Intro

This is the definitive guide to setting up RSelenium on a Mac machine. (By definitive I mean that these steps worked on two different machines so there’s at least a 97.34% chance it’ll work on yours, too!)


Getting the Tools

In order to use RSelenium, we will obviously need to install and load the package.

#install.packages("RSelenium")
library(RSelenium)

Before we touch anything else in R, we’ll need to do some work on the rest of computer.

The first step is to download the latest version of the Selenium Standalone Server. At time of writing, that’s 2.53.1.

Even if you think you have the current version, complete this step. I thought I had the most recent version once. Once.


Once downloaded, you .jar file will be named “selenium-server-standalone-2.53.1-2.jar”. Change its name to “selenium-server-standalone.jar”.

Move this .jar file to the same directory as the script you’re looking to use Selenium. This should be the working directory of your R Project.


Now, you’ll need to get yourself a fresh version of Java.

Again — I cannot emphasize this enough — complete this step even if you’re certain your Java is current. A minute-long install is a far more pleasant experience than the hours of pain RSelenium will inflict on Mac users with old Java versions.


Lastly, you’ll need to have Firefox installed on your machine. Yeah, I know — I can practically hear you ‘Chrome Master Race’ people groaning as I write this.

And hey, it could be worse — I could have written this tutorial using Selenium with Internet Explorer.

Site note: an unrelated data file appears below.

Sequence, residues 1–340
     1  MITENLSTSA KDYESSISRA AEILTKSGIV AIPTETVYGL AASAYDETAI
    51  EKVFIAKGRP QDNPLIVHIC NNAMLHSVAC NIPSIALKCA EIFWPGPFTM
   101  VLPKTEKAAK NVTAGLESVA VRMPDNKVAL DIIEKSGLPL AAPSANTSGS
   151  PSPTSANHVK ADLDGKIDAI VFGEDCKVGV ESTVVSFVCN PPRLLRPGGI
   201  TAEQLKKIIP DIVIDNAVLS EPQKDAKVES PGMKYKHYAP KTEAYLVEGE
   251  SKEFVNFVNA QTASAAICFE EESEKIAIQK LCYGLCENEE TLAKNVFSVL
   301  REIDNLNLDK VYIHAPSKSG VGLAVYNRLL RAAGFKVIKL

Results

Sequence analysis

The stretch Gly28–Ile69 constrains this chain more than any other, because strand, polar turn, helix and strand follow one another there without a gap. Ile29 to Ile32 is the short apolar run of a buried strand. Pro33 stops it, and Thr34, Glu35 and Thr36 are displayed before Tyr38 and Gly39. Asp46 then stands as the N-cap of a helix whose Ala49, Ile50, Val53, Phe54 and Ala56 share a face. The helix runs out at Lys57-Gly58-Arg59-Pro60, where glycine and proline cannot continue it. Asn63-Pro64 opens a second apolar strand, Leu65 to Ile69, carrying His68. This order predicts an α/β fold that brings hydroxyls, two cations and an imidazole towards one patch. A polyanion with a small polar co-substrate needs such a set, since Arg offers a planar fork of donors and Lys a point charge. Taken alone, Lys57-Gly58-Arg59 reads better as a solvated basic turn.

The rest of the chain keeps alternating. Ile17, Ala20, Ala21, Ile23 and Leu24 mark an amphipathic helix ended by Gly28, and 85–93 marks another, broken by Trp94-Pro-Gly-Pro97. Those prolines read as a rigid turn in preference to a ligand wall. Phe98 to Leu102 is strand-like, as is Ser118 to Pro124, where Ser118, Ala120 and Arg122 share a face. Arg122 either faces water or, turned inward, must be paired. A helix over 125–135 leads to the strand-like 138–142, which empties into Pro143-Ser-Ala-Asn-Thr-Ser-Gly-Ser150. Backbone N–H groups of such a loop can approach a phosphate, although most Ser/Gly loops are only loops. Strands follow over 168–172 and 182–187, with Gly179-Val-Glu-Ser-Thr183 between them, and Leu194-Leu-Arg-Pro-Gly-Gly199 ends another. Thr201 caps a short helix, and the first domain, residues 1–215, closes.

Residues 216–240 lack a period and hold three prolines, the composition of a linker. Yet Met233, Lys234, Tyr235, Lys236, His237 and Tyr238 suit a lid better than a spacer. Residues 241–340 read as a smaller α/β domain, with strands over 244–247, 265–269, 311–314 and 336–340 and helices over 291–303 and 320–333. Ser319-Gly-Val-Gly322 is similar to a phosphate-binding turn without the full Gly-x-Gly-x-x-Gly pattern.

Using the Tools

Now that you have the proper tools in your toolbox, you’re almost ready to start automating your browser and copping Yeezys or whatever it is the kids are up to on the Internet these days.

Open Terminal and navigate to the directory containing the Selenium Standalone Server. If you’re a command line n00b, check this out, and use something like this, but with your own path:

cd ~/Desktop/iX/DataScience/just_selenium_things

Double check that “selenium-server-standalone.jar” actually made it in this folder with this complex command:

ls

Now that we’re here, we’re going to launch the Selenium Standalone Server ourselves.

The standard command to do this is:

java -jar selenium-server-standalone.jar

BUT

Here’s the major key: the default IP port for Selenium is Port 4444. For reasons beyond me, using this port for RSelenium will cause many Mac users to crash and burn.

So, instead of using the default port, we’re going to specify our own. I randomly chose 5556, and it worked. Hopefully that’s the case for everyone else:

java -jar selenium-server-standalone.jar -port 5556

Now leave that terminal window alone, and head back to RStudio.

Since we launched the Selenium Server manually, we can skip calling startServer() like we normally would at this point.

Additionally, since we specified our own port, we’ll need to add that to our call to remoteDriver():

browser <- remoteDriver(port = 5556)

We can now proceed as normal — as long as you don’t close the terminal you launched the Selenium Server in, everything should now work properly. Happy (automated) Browsing!

browser$open()
browser$navigate("http://meowmania.jqln.org")
elem <- browser$findElement(using = 'css selector', 'body > object')
for(c in 1:50){
  elem$clickElement()
  Sys.sleep(2)
}
## [1] "Connecting to remote server"
## $applicationCacheEnabled
## [1] TRUE
## 
## $rotatable
## [1] FALSE
## 
## $handlesAlerts
## [1] TRUE
## 
## $databaseEnabled
## [1] TRUE
## 
## $version
## [1] "47.0.1"
## 
## $platform
## [1] "MAC"
## 
## $nativeEvents
## [1] FALSE
## 
## $acceptSslCerts
## [1] TRUE
## 
## $webdriver.remote.sessionid
## [1] "81905ef2-f793-4297-9c27-b4308033840b"
## 
## $webStorageEnabled
## [1] TRUE
## 
## $locationContextEnabled
## [1] TRUE
## 
## $browserName
## [1] "firefox"
## 
## $takesScreenshot
## [1] TRUE
## 
## $javascriptEnabled
## [1] TRUE
## 
## $cssSelectorsEnabled
## [1] TRUE
## 
## $id
## [1] "81905ef2-f793-4297-9c27-b4308033840b"